The destination of those external commuters reflected the geography of jobs in the Gatwick Diamond, and underlines the importance of good transport links between these sites and areas outside of the Diamond. Manor Royal attracted the largest share of commuters (9 per cent of all Gatwick Diamond commuters), followed by the area covering the airport (7.4 per cent) and Leatherhead (7.2 per cent). The centre of Crawley had a much weaker pull, being the destination of 1.4 per cent of inward commuters.

On the other hand, workers that also lived in the Gatwick Diamond were not as mobile. Among the Gatwick Diamond workers who also lived in the Gatwick Diamond, two thirds lived and worked in the same local authority.

On the resident side, more than one in three Gatwick Diamond residents were working elsewhere. In 2011, 36.8 per cent of residents commuted to work outside of the Gatwick Diamond. As shown in Figure 19, this was the largest outflow of residents among all comparator areas. In Enterprise M3, 34.5 per cent of residents worked elsewhere, while it was much lower at 23.2 per cent in the SEMLEP.

Figure 19: Residents by place of work, 2011

19: Residents by place of work, 2011

Source: ONS, Census 2011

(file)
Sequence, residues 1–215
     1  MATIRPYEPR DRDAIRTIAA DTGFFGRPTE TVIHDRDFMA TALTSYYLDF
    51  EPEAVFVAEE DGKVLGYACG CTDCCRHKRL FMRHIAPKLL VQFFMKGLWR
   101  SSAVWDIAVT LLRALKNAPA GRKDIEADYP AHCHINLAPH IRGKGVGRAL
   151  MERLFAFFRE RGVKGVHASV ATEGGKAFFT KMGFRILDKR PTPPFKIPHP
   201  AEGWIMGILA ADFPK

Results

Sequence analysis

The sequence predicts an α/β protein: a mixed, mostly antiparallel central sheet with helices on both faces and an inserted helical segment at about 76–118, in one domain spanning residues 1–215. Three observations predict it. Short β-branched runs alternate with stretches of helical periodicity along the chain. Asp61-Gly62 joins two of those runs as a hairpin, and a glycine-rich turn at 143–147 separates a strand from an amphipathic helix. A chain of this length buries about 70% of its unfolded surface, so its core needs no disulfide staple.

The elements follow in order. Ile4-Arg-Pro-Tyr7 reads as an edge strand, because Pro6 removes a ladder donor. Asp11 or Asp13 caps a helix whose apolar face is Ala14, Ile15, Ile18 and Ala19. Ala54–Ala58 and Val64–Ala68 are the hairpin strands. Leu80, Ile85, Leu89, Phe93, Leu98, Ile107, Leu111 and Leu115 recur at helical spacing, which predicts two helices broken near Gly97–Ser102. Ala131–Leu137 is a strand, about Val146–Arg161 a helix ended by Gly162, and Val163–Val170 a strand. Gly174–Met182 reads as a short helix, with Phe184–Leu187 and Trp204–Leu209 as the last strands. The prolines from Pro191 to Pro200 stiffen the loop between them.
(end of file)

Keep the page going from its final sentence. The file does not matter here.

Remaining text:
The main workplace destination outside the Gatwick Diamond was by far London, with almost one in four of Gatwick Diamond’s working residents (23 per cent) working in the capital. In particular, Westminster was the local authority outside the Gatwick Diamond with the highest number of working Gatwick Diamond residents, accounting for 6.2 per cent of all working residents. Croydon and Sutton also had a high share of Gatwick Diamond residents in their workforce (2.3 per cent and 2.4 per cent). This predominance of commuting to London is clearly visible in Figure 20.

Figure 20: Destination of Gatwick Diamond residents outside the area

20: Destination of Gatwick Diamond residents outside the area

Source: ONS, Census 2011

This meant that the pull of London on the Gatwick Diamond was much greater than for the other comparator areas. For instance only 15 per cent of the working residents of Greater Medway, and 12 per cent of the Thames Valley Berkshire LEP’s worked in London, despite these two areas also being close and well connected to the capital.

Occupations and pay of the Gatwick Diamond residents and workers